Efficiency dividends remain an appropriate way to trim costs in the national cultural institutions as long as they are receiving adequate funding, Australia's Finance Minister has said.
Katy Gallagher said the problem for the institutions - which include the National Library, Gallery and Museum - was efficiency dividends had applied while they had not been granted enough money.
"Putting a productivity efficiency component into any funding I think is a responsible part of government and making sure we keep the budget on a sustainable footing," Senator Gallagher said.
The union representing staff at the institutions again called on the government to remove the efficiency dividend and develop a sustainable funding model.
"Long-term funding certainty is sorely needed to ensure all our cultural institutions can undertake strategic forward planning and reverse the steep decline they are facing," Community and Public Sector Union deputy secretary Beth Vincent-Pietsch said.
Senator Gallagher on Monday announced the National Library's Trove platform, which provides access to digitised library material including newspapers, manuscripts and photographs, would receive $33 million over four years to keep it running.
However, an efficiency dividend is set to remain in place, which the institutions and critics have warned severely limit the institutions' ability to maintain ageing infrastructure or nationally important collections.
Senator Gallagher on Monday said the national institutions had not been treated properly by the previous government and the federal Labor government had heard the feedback from the sector and the community.
"I think Australians will welcome the fact they've got a government that's taking the ... sustainable funding of these institutions seriously," she said.
When the National Library opened in its current building in 1968, the reading rooms were open on weekdays from 9.30am to 10pm, a Canberra Times article accessible in Trove reveals. The reading rooms are now open 10am to 8pm on Monday to Thursday, and close at 5pm on Fridays, the library's website notes.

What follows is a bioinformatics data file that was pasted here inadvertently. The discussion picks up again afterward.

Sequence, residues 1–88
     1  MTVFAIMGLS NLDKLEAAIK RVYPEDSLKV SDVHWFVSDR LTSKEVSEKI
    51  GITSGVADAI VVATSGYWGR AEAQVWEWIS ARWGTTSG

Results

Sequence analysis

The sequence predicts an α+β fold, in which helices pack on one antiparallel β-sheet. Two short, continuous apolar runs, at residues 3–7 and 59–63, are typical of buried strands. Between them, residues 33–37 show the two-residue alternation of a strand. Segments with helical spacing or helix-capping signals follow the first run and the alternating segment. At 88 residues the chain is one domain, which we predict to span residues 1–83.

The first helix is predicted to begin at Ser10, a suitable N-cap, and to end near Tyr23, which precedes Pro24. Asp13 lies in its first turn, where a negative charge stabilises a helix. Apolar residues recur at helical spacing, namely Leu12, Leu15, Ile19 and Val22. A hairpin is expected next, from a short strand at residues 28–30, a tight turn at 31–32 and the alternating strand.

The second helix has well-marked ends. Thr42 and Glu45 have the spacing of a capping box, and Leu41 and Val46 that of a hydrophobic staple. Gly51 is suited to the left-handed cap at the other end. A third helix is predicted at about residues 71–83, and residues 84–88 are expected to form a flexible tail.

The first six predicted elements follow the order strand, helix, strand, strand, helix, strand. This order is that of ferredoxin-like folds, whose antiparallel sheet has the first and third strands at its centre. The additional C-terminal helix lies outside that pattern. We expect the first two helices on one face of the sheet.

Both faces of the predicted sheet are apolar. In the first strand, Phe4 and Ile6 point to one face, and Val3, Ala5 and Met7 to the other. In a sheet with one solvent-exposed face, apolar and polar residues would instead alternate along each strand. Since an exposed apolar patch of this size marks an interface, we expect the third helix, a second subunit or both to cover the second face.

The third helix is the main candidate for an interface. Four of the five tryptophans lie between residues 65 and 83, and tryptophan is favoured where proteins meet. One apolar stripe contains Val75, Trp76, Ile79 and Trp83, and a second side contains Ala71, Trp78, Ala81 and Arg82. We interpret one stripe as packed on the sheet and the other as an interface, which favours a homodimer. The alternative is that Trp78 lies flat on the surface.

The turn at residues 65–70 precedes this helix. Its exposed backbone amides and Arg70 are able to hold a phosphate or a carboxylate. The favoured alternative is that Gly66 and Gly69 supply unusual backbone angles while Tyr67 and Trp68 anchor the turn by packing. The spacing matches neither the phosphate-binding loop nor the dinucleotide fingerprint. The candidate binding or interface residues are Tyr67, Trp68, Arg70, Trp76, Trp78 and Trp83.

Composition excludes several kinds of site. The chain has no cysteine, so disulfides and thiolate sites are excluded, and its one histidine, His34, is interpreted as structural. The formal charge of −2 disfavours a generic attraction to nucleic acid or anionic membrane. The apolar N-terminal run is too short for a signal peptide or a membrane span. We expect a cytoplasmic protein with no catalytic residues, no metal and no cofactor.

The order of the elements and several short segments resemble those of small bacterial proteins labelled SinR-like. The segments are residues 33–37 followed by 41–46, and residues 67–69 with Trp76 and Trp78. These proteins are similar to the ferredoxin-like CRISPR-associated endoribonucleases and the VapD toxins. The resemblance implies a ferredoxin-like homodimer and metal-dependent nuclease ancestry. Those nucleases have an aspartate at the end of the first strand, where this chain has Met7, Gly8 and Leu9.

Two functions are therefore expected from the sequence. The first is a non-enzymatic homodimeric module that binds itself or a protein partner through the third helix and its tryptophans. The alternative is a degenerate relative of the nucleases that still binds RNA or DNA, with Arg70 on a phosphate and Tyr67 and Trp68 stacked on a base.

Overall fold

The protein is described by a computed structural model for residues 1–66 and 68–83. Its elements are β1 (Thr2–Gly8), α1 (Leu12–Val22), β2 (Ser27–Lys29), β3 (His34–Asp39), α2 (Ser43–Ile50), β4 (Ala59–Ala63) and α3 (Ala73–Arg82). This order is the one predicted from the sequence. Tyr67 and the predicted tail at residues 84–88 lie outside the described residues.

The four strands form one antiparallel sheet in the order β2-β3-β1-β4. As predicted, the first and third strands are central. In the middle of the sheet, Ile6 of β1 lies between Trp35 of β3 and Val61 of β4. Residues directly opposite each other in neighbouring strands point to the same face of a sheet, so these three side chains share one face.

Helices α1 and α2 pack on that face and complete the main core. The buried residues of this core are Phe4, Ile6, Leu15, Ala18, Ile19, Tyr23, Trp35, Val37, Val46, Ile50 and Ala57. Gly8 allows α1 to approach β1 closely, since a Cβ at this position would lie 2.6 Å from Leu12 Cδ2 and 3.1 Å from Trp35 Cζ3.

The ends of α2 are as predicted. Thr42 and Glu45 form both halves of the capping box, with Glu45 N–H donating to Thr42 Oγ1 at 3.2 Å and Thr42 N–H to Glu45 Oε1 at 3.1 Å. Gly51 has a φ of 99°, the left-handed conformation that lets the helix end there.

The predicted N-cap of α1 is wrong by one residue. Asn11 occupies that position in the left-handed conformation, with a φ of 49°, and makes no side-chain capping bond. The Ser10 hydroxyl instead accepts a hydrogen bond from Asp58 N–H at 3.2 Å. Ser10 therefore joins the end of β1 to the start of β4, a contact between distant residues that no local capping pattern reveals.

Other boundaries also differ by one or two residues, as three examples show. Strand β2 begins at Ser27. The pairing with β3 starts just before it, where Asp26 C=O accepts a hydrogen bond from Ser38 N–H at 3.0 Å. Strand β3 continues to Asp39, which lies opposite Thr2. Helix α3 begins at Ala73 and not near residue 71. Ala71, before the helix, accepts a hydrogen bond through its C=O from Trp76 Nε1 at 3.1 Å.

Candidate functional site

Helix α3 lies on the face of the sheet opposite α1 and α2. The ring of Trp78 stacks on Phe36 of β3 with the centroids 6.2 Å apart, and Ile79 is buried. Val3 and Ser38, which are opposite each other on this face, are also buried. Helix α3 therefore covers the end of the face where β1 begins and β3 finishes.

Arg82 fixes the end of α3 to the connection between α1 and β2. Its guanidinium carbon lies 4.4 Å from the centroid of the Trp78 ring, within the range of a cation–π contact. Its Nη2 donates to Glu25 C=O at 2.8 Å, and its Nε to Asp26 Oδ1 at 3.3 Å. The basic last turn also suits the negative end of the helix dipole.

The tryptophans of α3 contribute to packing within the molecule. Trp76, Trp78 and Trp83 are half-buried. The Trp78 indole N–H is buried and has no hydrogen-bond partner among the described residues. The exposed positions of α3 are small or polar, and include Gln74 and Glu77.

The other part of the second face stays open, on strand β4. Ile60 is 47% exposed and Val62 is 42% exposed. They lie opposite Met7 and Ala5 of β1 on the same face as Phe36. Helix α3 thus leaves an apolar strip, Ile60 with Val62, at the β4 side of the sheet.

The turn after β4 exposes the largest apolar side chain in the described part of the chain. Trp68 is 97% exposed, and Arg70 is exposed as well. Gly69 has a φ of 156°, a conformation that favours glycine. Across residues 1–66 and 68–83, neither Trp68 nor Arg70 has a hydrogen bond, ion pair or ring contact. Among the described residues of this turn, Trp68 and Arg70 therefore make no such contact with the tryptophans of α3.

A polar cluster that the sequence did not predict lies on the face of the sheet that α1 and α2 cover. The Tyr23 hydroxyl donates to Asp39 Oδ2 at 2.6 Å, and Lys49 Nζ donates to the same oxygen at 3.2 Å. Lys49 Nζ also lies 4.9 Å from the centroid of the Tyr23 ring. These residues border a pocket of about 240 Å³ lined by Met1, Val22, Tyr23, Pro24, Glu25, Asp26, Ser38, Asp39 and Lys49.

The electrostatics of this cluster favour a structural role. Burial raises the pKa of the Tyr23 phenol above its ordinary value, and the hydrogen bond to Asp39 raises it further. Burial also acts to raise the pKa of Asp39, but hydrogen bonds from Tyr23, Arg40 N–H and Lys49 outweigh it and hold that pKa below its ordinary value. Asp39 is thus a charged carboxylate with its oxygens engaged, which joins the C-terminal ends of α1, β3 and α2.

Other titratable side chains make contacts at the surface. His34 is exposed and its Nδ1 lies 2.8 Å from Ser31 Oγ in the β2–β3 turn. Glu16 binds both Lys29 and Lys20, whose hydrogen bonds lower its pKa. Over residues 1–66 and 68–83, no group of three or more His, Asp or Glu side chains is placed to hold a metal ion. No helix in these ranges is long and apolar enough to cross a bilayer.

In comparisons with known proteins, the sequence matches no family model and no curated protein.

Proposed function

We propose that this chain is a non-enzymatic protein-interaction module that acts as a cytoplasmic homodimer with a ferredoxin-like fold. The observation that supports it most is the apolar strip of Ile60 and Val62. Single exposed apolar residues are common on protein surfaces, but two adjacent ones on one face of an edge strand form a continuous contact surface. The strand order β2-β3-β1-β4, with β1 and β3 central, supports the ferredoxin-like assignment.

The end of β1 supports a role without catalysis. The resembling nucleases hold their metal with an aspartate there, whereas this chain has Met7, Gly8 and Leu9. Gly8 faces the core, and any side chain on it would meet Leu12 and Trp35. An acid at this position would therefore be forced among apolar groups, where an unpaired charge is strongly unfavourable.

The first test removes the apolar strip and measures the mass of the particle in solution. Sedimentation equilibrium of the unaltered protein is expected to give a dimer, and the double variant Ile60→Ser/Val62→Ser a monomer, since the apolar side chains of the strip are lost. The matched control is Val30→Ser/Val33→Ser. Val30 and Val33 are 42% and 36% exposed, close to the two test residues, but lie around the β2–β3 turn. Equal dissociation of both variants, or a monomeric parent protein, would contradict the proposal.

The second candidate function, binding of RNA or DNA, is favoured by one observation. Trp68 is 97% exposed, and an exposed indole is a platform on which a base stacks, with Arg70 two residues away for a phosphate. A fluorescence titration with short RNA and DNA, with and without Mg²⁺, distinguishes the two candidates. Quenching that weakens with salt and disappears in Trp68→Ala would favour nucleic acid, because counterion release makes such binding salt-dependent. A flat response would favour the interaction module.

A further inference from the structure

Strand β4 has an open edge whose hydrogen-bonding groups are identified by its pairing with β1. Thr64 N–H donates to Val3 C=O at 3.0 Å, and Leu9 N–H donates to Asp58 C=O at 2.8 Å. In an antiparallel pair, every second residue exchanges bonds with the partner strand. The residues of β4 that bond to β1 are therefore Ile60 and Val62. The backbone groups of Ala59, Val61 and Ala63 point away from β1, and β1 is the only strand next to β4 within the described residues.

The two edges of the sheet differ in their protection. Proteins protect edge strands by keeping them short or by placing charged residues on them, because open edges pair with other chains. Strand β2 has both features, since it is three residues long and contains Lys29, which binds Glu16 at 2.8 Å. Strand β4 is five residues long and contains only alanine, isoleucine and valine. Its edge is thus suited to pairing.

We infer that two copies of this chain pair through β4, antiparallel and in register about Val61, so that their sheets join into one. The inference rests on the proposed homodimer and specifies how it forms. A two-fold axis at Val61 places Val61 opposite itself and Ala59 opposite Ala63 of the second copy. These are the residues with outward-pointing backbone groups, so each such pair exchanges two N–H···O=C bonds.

The Hawke Labor government introduced an efficiency dividend in 1987, which resulted in a 1.25 per cent reduction in government organisations' funding annually.
Critics - including Australian National University history professor Frank Bongiorno - have argued the national institutions are required to grow their collections by law, making them unfit to sustain continued cuts to funding.
The National Gallery in December warned the federal government it may have to shut two days a week to save money or reintroduce entry fees, as a result of a potential $265 million shortfall over the coming decade.
Senator Gallagher said she hoped the institutions and the government would reach an agreeable solution on funding, but indicated comparing services offered by the National Library now to the past, before the internet had made its collection more accessible, was inappropriate.
"It is subjective what adequate funding is, but we're trying to do the right thing in what the budget can afford," she said.
"It can't afford everything because we've got calls everywhere else - from the NDIS, from health, from national security. I mean, putting a budget together is, I guess, a balancing out of all those decisions."
Funding for the Trove service, which launched in 2009 and is free to access, had been due to expire on June 30. The federal government also announced an extra $9.2 million in annual funding from 2027-28, which would be indexed annually.
National Library director-general Marie-Louise Ayres said in a statement she was delighted with the funding for Trove.
"I've spent much of my NLA career working on Trove and predecessor services and am absolutely thrilled that its future is now secured," Dr Ayres said.
"Trove exemplifies the very best things about Australia - innovation, collaboration, community engagement, a curious spirit, and the belief that our history and heritage should be available to all."
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